What's next for Flynn

The community and industry response to Flynn has blown us away. We launched the project site two weeks ago as an easy way to explain what we were working on to potential collaborators and users. The crowdfunding campaign was only added at the last minute– we thought it might raise a few hundred dollars to help cover airfare for the team. Two weeks later more than 50 donors have contributed over $75,000 – almost the entire budget for the project. This support and enthusiasm from the industry, open source community, and potential users means the world to us.

We used a contribute button (powered by and Stripe) to avoid the all-or-nothing limitation of Kickstarter. We always planned to build Flynn with or without financial support. Cash would allow us to ship the project sooner and add more features, but we were committed to creating Flynn on our own if necessary. The amount raised so far will allow the core team to spend more time on the project for the rest of the year than we hoped. This improves our chances of staying on schedule and implementing all the core features. If you have not contributed yet, please consider doing so– more money means more features and the best chance of shipping on time. We are very excited about the list of reach features like autoscaling, ACLs, and log aggregation which are not funded yet. We will continue to accept contributions as we develop the project as well.

Everyone on our team is a major contributor to open source from creating SuperHappyDevHouse, Hacker Dojo, and Tent to publishing hundreds of open source repositories. We have also all been primarily employed by startups. Those experiences have left us wondering if there was a better way to fund major open source projects. Major open source software projects usually either start small and grow organically or have the support of a large organization. While open source software is widely used, few users contribute back to the maintainers. For some projects, even the MVP takes months of full time work. The success of crowdfunding models suggested another way: developers could publish a spec or description of a project online and request support in advance. Instead of rewards, reach features are promised if funding goals are reached. Finally, we strongly disapprove of early access or open sourcing a project as a reward. We believe that open source projects should be developed in the open and permissively licensed from day one. With your support this model allowed us to meet all those goals.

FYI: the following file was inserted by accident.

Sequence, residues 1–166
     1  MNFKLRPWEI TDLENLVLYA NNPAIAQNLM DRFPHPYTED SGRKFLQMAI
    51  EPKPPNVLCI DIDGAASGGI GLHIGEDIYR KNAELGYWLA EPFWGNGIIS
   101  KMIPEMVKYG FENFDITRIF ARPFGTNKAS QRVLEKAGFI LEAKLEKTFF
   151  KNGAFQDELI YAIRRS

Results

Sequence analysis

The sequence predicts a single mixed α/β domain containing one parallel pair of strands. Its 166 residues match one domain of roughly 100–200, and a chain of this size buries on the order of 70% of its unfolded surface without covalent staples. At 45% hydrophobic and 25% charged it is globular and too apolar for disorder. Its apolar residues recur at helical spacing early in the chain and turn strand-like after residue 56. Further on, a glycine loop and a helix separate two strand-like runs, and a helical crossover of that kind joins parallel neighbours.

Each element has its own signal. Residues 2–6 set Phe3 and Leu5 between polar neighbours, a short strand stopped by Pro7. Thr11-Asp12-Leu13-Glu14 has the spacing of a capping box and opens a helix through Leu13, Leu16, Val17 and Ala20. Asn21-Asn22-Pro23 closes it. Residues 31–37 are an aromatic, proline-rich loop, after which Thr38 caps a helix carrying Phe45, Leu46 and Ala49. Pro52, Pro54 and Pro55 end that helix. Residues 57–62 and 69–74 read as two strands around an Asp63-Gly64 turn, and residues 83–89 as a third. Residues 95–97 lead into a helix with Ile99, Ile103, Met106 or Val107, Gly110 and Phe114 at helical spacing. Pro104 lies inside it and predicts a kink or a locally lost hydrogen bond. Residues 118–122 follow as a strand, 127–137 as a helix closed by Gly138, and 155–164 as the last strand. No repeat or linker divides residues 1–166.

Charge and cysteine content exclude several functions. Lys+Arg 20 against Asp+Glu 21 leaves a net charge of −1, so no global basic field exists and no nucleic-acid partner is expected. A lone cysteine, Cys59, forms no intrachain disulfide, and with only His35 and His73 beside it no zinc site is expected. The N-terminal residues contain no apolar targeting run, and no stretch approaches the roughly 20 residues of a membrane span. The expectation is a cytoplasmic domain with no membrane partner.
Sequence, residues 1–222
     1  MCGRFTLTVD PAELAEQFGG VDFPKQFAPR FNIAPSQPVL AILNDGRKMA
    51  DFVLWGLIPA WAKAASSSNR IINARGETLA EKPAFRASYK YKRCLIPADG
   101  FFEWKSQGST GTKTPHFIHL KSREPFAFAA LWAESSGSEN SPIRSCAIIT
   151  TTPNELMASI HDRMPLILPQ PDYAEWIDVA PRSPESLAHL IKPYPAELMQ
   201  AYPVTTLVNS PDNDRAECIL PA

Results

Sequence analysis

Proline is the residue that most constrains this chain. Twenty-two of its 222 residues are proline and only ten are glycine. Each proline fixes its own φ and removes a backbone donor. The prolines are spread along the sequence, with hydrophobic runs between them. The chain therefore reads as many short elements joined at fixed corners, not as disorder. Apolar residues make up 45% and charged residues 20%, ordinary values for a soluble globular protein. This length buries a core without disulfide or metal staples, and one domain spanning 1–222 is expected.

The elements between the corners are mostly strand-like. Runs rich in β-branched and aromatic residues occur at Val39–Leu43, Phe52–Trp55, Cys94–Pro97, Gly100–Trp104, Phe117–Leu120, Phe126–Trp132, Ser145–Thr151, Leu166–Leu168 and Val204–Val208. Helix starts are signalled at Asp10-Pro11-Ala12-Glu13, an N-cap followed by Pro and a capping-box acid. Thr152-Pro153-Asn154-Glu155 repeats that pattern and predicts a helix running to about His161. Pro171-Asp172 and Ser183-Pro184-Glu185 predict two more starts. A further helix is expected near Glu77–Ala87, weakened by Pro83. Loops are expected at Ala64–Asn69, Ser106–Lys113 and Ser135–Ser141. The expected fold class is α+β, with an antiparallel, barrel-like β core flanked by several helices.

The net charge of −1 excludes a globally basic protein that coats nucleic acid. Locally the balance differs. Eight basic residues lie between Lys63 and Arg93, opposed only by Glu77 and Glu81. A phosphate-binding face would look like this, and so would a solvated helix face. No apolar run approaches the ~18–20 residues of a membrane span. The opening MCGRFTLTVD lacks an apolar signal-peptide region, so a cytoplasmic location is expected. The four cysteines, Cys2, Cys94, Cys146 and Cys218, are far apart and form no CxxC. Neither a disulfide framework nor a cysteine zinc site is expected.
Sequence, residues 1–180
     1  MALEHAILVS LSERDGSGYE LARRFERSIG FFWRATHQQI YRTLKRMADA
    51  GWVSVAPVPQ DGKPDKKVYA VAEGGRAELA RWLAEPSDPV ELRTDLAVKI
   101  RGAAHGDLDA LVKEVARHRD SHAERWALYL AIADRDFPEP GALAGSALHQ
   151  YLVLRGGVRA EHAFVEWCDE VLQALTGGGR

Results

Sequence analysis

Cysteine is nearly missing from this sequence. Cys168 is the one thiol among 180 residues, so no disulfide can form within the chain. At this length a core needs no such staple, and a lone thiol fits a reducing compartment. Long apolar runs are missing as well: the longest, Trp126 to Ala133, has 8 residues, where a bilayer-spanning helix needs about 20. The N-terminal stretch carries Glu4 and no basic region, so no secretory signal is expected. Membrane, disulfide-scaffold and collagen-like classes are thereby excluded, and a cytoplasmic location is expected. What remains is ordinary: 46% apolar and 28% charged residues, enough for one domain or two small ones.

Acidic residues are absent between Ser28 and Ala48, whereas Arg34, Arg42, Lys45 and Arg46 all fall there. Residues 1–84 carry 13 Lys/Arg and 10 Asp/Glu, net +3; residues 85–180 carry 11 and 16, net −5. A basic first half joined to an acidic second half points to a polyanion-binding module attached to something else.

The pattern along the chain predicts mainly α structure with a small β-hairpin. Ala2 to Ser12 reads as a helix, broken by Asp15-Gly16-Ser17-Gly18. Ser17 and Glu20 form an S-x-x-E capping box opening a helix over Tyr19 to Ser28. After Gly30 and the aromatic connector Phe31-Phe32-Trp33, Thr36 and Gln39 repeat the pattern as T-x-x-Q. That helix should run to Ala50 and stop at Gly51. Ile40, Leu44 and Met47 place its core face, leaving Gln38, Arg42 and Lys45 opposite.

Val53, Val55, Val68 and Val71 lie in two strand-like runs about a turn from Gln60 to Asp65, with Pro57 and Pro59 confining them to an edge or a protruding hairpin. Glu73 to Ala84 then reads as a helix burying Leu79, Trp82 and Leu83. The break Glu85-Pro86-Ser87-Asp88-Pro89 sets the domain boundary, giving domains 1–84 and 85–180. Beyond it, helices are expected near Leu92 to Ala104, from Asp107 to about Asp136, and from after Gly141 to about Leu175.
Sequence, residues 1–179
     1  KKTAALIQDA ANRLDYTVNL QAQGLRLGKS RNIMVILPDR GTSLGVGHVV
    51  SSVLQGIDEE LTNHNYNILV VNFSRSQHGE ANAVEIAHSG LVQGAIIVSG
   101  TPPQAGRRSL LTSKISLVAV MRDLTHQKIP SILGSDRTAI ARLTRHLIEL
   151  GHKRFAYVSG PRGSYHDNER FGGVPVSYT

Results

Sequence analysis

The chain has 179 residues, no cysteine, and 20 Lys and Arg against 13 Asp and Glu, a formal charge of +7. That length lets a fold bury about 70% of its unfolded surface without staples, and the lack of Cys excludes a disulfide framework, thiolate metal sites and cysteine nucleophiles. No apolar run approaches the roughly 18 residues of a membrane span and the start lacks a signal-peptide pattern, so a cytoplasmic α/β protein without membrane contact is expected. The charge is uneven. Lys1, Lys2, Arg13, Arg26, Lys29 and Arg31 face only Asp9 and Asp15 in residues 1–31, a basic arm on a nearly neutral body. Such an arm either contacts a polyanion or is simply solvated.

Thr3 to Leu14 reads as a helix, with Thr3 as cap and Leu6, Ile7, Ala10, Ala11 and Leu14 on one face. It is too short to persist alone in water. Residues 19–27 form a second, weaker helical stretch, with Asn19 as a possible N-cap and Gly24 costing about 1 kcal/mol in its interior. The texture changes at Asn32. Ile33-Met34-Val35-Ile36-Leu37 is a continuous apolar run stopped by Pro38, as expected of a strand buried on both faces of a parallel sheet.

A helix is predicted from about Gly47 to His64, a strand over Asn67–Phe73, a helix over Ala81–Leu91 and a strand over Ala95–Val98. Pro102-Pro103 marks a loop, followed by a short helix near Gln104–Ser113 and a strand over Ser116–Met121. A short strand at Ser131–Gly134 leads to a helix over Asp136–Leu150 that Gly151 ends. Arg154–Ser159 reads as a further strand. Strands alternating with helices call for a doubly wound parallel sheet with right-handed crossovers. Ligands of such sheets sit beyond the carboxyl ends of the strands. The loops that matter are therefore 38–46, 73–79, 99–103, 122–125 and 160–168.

We thank the organizations and individuals who already sponsored Flynn, the Lockitron team for creating Selfstarter, the dotCloud team for the creation of Docker and their incredible moral and technical support, and the growing community who have reached out since we launched. We are honored by the opportunity to contribute back something as substantial as Flynn and look forward to the opportunity to serve the needs of the community.

We plan to ship an MVP by the end of October. Until then stay tuned to GitHub, this blog, our mailing list, and IRC channel for the latest on our progress.


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